Now, I could plug the speakers at places like Bridegroom Press, Catholic Exchange, Catholic Answers, St. Joseph’s Communications and the like, but there’s no need. A parish can generally roll its own speakers’ bureau. Set up a committee and have an audition night. Anyone who wants to speak on a topic can audition for a spot on the roster. Make it clear that you are paying several hundred dollars for a person to give a one-hour talk plus Q&A on any subject that touches on Catholic Faith, and people will come out of the woodwork.
Have the committee decide who makes the cut after a ten-minute sample presentation. Then have the full talk previewed and vetted for orthodoxy. For the first year, take anyone remotely good, have the audience vote, and invite popular speakers back for four-week or six-week series. It’s the parish version of American Idol. You might even use one of the many fund-raising cruise firms to put together a cruise for the parish, with popular parish speakers as the highlighters – they get a reduced price or free berth in exchange for talking on the cruise. That way, the cruise pays for the adult education and the educators have a prize to compete for all in the same boat, so to speak.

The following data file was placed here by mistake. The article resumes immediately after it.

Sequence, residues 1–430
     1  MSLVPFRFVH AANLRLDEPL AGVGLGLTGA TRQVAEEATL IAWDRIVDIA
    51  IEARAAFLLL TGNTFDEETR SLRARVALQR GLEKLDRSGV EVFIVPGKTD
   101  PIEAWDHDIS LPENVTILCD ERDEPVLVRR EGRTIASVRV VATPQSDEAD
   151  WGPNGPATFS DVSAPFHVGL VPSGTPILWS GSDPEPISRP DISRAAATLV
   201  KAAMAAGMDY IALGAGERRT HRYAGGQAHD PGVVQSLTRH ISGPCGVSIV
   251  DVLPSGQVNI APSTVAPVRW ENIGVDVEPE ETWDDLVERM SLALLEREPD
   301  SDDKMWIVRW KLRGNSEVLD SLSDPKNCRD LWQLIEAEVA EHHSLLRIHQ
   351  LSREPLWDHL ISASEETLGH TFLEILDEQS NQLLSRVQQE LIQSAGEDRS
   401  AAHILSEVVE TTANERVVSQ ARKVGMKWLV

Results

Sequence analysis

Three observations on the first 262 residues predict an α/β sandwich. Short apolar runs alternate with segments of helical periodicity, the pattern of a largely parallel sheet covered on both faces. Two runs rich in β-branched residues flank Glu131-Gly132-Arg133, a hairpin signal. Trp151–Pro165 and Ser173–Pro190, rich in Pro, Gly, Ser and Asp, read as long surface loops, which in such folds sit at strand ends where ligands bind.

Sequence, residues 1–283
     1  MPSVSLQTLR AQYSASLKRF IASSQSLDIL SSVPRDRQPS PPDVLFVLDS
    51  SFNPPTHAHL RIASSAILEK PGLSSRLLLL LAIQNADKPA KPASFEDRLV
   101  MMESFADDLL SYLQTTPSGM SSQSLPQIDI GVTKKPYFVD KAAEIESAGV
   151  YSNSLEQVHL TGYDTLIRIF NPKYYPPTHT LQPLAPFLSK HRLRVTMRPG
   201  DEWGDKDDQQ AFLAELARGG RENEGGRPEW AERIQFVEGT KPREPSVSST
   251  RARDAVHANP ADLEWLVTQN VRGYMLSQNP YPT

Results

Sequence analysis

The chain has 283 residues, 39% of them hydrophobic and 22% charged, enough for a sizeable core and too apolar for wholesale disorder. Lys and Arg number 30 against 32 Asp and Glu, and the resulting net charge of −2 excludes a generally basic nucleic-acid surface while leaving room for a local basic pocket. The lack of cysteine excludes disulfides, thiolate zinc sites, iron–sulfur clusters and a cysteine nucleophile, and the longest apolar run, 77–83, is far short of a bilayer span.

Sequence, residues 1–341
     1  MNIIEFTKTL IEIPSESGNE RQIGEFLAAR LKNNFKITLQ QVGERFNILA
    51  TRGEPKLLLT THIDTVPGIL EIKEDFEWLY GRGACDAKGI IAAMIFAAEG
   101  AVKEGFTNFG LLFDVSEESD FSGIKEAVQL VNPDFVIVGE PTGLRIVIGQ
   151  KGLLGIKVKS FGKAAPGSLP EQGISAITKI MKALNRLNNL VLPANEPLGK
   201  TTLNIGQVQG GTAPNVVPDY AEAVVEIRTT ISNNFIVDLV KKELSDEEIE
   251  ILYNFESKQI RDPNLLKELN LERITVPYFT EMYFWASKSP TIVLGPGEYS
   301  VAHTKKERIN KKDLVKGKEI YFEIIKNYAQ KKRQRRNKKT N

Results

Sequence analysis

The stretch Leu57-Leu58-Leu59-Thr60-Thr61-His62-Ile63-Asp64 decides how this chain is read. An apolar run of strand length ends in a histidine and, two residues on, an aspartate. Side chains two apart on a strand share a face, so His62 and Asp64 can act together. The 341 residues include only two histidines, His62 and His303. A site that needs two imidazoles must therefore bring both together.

Once adults start seeing that the Catholic Church actually has useful things to say, form parish small groups around specific topics: men’s group, women’s group, health group, etc. Family groups should figure prominently. Families are supposed to band together to support one another. Start a group reading Familiaris Consortio or John Paul II’s Letter to Families. There are good study guides out for both, and I’ve never met a parent who studied either one and wasn’t delighted by them.
What to use for material?